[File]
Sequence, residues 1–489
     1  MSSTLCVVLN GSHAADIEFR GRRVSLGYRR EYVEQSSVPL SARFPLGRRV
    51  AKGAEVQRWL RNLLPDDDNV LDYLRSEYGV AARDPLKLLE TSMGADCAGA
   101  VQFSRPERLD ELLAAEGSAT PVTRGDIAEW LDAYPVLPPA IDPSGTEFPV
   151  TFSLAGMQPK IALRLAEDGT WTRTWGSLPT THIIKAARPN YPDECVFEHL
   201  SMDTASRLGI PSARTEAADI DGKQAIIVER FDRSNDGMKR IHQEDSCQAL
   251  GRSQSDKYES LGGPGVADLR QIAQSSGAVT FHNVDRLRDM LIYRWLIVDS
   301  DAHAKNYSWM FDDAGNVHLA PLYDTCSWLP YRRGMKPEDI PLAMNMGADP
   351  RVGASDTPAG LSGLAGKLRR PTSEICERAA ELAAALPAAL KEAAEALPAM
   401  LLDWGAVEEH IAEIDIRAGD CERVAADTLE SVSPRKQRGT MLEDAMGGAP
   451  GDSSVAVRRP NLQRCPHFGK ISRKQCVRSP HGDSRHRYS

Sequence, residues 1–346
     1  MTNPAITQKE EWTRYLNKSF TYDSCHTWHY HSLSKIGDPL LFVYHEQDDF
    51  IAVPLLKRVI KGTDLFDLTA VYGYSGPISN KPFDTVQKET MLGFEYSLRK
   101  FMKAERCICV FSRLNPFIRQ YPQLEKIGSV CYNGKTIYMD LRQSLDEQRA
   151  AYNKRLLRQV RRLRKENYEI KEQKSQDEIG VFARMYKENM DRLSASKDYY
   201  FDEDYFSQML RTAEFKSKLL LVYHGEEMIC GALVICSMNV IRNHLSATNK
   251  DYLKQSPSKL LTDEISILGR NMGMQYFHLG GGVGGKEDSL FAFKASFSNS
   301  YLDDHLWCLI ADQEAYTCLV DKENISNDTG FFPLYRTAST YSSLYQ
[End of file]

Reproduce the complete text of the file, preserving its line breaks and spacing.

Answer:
Sequence, residues 1–489
     1  MSSTLCVVLN GSHAADIEFR GRRVSLGYRR EYVEQSSVPL SARFPLGRRV
    51  AKGAEVQRWL RNLLPDDDNV LDYLRSEYGV AARDPLKLLE TSMGADCAGA
   101  VQFSRPERLD ELLAAEGSAT PVTRGDIAEW LDAYPVLPPA IDPSGTEFPV
   151  TFSLAGMQPK IALRLAEDGT WTRTWGSLPT THIIKAARPN YPDECVFEHL
   201  SMDTASRLGI PSARTEAADI DGKQAIIVER FDRSNDGMKR IHQEDSCQAL
   251  GRSQSDKYES LGGPGVADLR QIAQSSGAVT FHNVDRLRDM LIYRWLIVDS
   301  DAHAKNYSWM FDDAGNVHLA PLYDTCSWLP YRRGMKPEDI PLAMNMGADP
   351  RVGASDTPAG LSGLAGKLRR PTSEICERAA ELAAALPAAL KEAAEALPAM
   401  LLDWGAVEEH IAEIDIRAGD CERVAADTLE SVSPRKQRGT MLEDAMGGAP
   451  GDSSVAVRRP NLQRCPHFGK ISRKQCVRSP HGDSRHRYS

Sequence, residues 1–346
     1  MTNPAITQKE EWTRYLNKSF TYDSCHTWHY HSLSKIGDPL LFVYHEQDDF
    51  IAVPLLKRVI KGTDLFDLTA VYGYSGPISN KPFDTVQKET MLGFEYSLRK
   101  FMKAERCICV FSRLNPFIRQ YPQLEKIGSV CYNGKTIYMD LRQSLDEQRA
   151  AYNKRLLRQV RRLRKENYEI KEQKSQDEIG VFARMYKENM DRLSASKDYY
   201  FDEDYFSQML RTAEFKSKLL LVYHGEEMIC GALVICSMNV IRNHLSATNK
   251  DYLKQSPSKL LTDEISILGR NMGMQYFHLG GGVGGKEDSL FAFKASFSNS
   301  YLDDHLWCLI ADQEAYTCLV DKENISNDTG FFPLYRTAST YSSLYQ